‘Thank You for Your Prayers’: Ohio House Overrides DeWine’s Veto of SAFE Act
The state of Ohio has taken the first step to overturn the Republican governor’s veto of a bill that protects children from permanently harmful transgender procedures and assures privacy and fairness for female athletes. Conservatives praised the action, while Democratic opponents accused its supermajority of promoting “a political, hateful agenda” due to “money given by radical Christian groups.” One Democrat screamed, “You are literally killing our children!”
On Wednesday afternoon, the Republican-controlled House of Representatives voted 65-27 to override Governor Mike DeWine’s veto of Substitute H.B. 68, more than the 60 votes required. The measure combines the Save Adolescents from Experimentation (SAFE) Act — which shields children from transgender puberty blockers, cross-sex hormone injections, and surgeries — with the Save Women’s Sports Act, which prohibits men from competing in girls’ sports or sharing their locker rooms. It also prevents courts from denying or limiting custody to a parent who refuses to “affirm” their child’s transgender identity and safeguards state taxpayers from funding minors’ transgender procedures through Medicaid.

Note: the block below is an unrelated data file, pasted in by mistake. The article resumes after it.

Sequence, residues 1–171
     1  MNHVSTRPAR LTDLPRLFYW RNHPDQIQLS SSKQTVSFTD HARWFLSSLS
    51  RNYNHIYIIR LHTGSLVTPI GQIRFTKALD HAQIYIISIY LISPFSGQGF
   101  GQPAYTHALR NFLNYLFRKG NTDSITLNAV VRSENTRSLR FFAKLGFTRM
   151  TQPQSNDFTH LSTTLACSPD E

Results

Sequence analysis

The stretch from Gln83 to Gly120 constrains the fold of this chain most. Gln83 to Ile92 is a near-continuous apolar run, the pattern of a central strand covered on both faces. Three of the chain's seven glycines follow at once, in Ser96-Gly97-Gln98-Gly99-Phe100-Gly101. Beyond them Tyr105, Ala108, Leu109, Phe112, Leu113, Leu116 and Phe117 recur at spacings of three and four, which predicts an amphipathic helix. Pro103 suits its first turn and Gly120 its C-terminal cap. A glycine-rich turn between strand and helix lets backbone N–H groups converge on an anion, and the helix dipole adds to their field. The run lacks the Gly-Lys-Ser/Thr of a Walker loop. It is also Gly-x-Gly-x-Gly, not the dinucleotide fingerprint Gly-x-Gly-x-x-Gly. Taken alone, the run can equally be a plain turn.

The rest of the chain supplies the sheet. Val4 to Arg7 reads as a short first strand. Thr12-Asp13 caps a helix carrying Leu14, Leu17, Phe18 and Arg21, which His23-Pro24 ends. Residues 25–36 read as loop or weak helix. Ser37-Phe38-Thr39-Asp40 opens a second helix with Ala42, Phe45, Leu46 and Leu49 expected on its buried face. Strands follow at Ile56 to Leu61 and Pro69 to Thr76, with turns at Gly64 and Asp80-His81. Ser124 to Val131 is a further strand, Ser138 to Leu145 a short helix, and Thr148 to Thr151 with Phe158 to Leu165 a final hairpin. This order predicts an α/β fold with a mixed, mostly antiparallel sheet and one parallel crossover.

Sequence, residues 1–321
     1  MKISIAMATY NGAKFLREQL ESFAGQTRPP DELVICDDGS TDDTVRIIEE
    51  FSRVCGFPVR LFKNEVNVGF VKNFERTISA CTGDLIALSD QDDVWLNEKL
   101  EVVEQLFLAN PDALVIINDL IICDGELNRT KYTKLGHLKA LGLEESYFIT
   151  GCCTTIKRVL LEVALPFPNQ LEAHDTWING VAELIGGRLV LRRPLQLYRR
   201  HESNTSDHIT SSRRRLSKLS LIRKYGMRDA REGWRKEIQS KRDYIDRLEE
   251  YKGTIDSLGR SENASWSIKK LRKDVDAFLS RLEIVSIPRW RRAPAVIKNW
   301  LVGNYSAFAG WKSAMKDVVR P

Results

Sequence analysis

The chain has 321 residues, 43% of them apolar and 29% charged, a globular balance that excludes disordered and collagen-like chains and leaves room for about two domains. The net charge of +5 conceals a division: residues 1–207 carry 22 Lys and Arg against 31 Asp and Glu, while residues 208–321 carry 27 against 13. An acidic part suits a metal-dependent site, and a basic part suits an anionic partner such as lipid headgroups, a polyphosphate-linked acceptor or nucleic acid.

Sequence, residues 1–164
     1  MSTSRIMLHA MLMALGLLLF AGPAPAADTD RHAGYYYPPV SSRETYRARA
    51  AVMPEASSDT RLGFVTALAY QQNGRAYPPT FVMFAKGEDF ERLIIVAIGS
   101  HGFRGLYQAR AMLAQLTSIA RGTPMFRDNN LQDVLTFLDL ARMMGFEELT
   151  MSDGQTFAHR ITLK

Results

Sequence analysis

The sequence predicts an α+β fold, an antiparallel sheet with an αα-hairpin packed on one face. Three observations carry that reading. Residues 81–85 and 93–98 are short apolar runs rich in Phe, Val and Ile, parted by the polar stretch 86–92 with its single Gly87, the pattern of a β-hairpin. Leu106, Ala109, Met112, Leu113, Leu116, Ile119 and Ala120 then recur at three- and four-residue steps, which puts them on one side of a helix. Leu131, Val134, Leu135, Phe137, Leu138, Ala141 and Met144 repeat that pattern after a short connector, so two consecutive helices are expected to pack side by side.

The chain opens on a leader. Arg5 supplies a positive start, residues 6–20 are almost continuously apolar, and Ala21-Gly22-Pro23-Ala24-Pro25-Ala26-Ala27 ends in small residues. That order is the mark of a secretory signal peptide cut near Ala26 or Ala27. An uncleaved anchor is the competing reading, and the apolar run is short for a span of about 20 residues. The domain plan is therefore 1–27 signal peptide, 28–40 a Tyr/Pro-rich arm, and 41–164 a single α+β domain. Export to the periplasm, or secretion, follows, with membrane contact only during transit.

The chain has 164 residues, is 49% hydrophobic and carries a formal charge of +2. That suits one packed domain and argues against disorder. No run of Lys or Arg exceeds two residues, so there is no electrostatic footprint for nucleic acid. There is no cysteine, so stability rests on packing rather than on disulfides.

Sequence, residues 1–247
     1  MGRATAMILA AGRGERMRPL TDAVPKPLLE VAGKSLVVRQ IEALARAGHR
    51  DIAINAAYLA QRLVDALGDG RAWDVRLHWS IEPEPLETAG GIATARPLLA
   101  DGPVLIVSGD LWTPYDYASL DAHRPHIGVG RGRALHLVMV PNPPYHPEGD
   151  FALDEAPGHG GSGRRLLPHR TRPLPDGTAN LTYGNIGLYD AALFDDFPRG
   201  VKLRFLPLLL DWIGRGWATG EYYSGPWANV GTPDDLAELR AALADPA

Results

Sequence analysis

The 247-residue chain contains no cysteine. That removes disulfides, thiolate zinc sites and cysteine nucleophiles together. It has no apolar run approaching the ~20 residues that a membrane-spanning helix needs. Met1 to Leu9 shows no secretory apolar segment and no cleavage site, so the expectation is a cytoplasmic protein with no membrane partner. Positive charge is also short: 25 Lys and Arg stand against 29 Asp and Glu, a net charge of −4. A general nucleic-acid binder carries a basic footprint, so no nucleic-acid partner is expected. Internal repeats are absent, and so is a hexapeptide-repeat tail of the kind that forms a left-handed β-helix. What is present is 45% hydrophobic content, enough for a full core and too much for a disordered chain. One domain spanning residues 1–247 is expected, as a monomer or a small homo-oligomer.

Overwhelming Republican support came as no surprise to the bill’s sponsor. “Our momentum is very good,” said State Rep. Gary Click (R-88) on “Washington Watch with Tony Perkins” Tuesday. “My colleagues were clamoring to come back and vote on this. They’re very upset,” with some flying home from as far as Florida to protect children.